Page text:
Saturday, July 25, 2009


A friend of mine, Darby, is going to go hiking on the Camino de Santiago (English: "St. James' way" or deutsch - "Jakobsweg") in August. One student in Jena I talked to just got back. Some do about 200 kilometers and others do more like 700-800 km., backpacking the whole way. Some explore faith, as a pilgrimage. Others are just interested in encountering all kinds of people from different countries, staying in youth hostels, over various weeks and the feeling of accomplishment-- "I did it" --to this huge hiking exploration. 

I'm not sure if I'll ever do something this physically demanding, carrying that kind of weight around on my back. But maybe could imagine doing a part of it, and then driving or taking the train to different parts, to encourage our student group on a pilgrimage...

Anyway, I was fascinated today with some words in the Bible translated (from Greek) as "aliens," "strangers," "sojourners" and "pilgrims." 

"By faith Abraham, when called to go to a place he would later receive as his inheritance, obeyed and went, even though he did not know where he was going. By faith he made his home in the promised land like a stranger in a foreign country; he lived in tents, as did Isaac and Jacob, who were heirs with him of the same promise.... All these people were still living by faith when they died. They did not receive the things promised; they only saw them and welcomed them from a distance. And they admitted that they were aliens and strangers on earth... Instead, they were longing for a better country-a heavenly one. Therefore God is not ashamed to be called their God, for he has prepared a city for them."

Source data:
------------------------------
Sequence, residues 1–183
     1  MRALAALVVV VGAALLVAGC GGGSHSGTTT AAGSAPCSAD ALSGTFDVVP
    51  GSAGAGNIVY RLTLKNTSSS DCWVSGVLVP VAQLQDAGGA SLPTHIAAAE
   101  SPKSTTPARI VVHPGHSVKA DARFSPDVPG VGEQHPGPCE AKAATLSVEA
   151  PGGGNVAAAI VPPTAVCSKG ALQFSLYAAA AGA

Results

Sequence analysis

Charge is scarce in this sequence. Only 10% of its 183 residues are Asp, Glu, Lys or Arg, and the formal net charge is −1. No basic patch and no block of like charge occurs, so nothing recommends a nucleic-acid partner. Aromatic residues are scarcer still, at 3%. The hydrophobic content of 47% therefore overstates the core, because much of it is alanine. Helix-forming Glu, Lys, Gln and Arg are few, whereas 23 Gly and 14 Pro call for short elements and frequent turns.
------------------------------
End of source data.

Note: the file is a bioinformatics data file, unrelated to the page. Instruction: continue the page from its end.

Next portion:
-- Hebrews, chapter 11, verses 9, 10, 13, & 16
What amazes me are the ideas of:

1) starting a journey, with no assurance of where it will lead you. Scary. If I may use a personal comparison (at least to some extent), I never figured when moving to Germany that I would later move to Spain! So, what guarantees do YOU have that next year you will live in the same place? Have the same friends near you? Be able to work with the same co-workers?

2) faith-- it's all about the "dive" into God's arms and ocean of love-- but without seeing it all layed out and planned and on the calendar, tickets purchased, no changes, etc. formula.

3) living long-term in a tent (no real complaints here, if you've seen my lovely apartment). It reminded me of the fact that I have an apartments-worth of furniture stored in Germany at the moment.